Friday, January 16, 2015
Come and See (Jan 18 2015)
Yr B P2, Jan 18 2015, St. Albans
Readings: 1 Sam 3.1-10; Ps 139.1-6, 13-18; 1 Cor 6.12-20; Jn 1.43-51
I remember when my daughter was back in elementary school. Whenever the school had an open house for parents, we used to go together. And even before we’d get to the door of her classroom, as we were walking down the hall, I’d sense her rising excitement, a bit of a bounce as she walked, and as we stepped into the classroom, there would be this tugging on my arm, and my daughter would say to me, “Come and see”, and we’d head straight over to the place where her latest artwork or writing project was displayed, and she’d show it to me.
Over the past few years I’ve gotten really excited about the basketball rivalry between Ottawa and Carleton U, the two best university basketball teams in the country. The games are skilled, intense, and exciting. It’s a big rivalry, and the two teams play with a lot of passion. And so when I found out that Carleton and Ottawa were playing a week ago Saturday, I called one of my friends, told him about the game and said, “Come and see the game with me”. And we went, and it was the best game I’ve ever seen in my life, with the Ottawa Gee-Gees sinking a basket with 4 seconds left to win the game 68-66.
“Come and see.” It is the simplest, and the most effective, of all invitations. It conveys passion and excitement. I've found something that’s valuable to me, and I want you to come and see. It conveys a sense of on-going personal investment. It’s different from saying, “you should go and see that.” It’s more like saying, this is important to me, I want to share this with you. Come with me, and see.
In today’s gospel reading, Philip is excited. He’s seen something that he’s passionate about, he’s found something that he and his ancestors had been looking for, longing for, for hundreds of years.
“We have found him about whom Moses in the law and also the prophets wrote, Jesus, son of Joseph of Nazareth.”
Philip has met Jesus, and he’s excited about it. You can imagine him running to tell his friend Nathanael all about it. That’s what we do when we’re passionate about something. But Nathanael, well, he’s a bit of a wet blanket. “Can anything good come out of Nazareth?” His sarcastic tone provides the answer to his own question. His words aren’t just negative, they’re downright insulting.
Now, Philip could have responded to Nathanael in a number of ways. He could have said, “fine then, you stay here, I’ll go find someone else.” Or, he could have started arguing with Nathanael, arguing about the merits of Nazareth, or trying to convince him by telling him more about Jesus. But instead of rejecting Nathanael and instead of arguing with him, he does something which is much more grace-filled. He simply invites him to come and see. Philip is convinced that what he has found in Jesus is so good that if Nathanael just comes and encounters Jesus for himself, he too will see.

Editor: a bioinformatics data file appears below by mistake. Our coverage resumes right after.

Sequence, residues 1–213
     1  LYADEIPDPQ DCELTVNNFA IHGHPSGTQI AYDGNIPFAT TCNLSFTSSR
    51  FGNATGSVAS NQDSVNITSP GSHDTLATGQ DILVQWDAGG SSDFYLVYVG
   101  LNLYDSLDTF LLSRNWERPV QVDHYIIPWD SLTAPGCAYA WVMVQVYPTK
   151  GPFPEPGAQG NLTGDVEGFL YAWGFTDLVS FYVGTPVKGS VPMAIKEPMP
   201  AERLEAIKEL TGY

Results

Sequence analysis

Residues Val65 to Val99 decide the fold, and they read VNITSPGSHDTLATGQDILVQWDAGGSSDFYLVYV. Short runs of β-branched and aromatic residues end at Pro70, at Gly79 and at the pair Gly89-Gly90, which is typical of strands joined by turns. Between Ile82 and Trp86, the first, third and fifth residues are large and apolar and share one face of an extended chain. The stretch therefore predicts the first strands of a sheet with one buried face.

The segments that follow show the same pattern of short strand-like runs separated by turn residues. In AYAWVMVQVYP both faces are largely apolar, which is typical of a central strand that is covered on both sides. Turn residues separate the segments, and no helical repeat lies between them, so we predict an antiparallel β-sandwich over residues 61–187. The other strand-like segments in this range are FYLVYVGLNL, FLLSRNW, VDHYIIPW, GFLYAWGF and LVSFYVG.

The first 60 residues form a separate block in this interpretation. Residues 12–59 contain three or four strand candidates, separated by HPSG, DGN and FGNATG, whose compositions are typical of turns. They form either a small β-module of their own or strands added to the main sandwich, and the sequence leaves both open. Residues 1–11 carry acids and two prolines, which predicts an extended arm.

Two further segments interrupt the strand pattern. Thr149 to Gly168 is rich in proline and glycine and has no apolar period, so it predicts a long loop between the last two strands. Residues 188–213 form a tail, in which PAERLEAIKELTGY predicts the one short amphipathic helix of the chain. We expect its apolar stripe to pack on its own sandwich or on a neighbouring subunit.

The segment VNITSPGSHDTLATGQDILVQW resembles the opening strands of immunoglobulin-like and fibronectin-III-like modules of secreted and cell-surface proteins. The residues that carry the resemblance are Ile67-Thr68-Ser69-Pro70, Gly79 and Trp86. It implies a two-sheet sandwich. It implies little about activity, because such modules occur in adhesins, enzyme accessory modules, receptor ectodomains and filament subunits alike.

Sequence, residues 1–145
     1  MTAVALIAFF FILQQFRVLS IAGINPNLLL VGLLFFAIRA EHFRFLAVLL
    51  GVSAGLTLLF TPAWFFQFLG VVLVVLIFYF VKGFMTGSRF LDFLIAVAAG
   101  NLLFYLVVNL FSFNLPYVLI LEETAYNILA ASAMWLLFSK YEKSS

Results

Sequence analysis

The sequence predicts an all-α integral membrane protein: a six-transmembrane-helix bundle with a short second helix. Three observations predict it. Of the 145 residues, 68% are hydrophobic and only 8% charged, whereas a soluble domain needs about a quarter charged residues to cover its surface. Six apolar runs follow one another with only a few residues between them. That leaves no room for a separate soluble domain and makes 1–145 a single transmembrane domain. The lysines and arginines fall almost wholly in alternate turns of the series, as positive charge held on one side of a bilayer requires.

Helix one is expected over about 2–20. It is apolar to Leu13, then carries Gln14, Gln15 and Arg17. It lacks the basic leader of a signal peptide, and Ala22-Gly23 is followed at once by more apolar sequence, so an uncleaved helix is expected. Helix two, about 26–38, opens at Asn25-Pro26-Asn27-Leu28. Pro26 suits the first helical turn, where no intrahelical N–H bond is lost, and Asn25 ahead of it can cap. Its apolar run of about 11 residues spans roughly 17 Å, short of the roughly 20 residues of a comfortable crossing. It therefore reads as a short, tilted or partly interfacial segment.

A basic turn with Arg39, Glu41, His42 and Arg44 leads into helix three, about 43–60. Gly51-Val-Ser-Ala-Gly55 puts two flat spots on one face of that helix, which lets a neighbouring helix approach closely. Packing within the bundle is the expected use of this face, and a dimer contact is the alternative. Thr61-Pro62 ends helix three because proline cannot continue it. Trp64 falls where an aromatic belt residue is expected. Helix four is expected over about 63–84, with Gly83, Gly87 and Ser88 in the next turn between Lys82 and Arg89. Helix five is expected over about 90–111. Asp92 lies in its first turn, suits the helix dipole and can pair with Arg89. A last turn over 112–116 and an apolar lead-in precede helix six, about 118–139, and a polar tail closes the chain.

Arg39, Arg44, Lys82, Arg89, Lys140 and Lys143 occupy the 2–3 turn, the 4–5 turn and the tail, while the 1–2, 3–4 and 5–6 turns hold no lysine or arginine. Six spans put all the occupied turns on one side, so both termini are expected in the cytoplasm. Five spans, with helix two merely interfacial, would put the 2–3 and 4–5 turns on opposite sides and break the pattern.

And Nathanael does go, and that’s not surprising, because when one of your friends is so excited by something, and invites you to come along, that’s what you do, and when Nathanael does encounter Jesus, neither he nor Philip are disappointed, because Jesus kind of blows his mind.
And that is the heart of John’s gospel, the gospel we read from today. John’s gospel is all about the encounter with Jesus, one mind-blowing encounter after another. Nathanael, Nicodemus, the woman at the well, the lame man, blind Bartimaeus, the Roman Centurion – one mind-blowing encounter after another. The encounter with Jesus speaks for itself. All Philip had to do was say, “Come and see.”
That simple, grace-filled invitation is at the heart of Christian evangelism.
Now, sometimes the word evangelism makes us uneasy. Jesus urges his followers, people like us, to proclaim the good news and to make disciples. And we have, over the course of history, responded to that calling in a whole variety of ways. We have tried to argue with people, to convince them that we’re right. We have tried to force people to see things our way, we’ve even, shamefully, resorted to violence at times. But the best way, the most grace-filled way to proclaim the good news of our faith is to follow the example of Philip, who was in turn following the example of Jesus, and that is to simply invite people to come and see.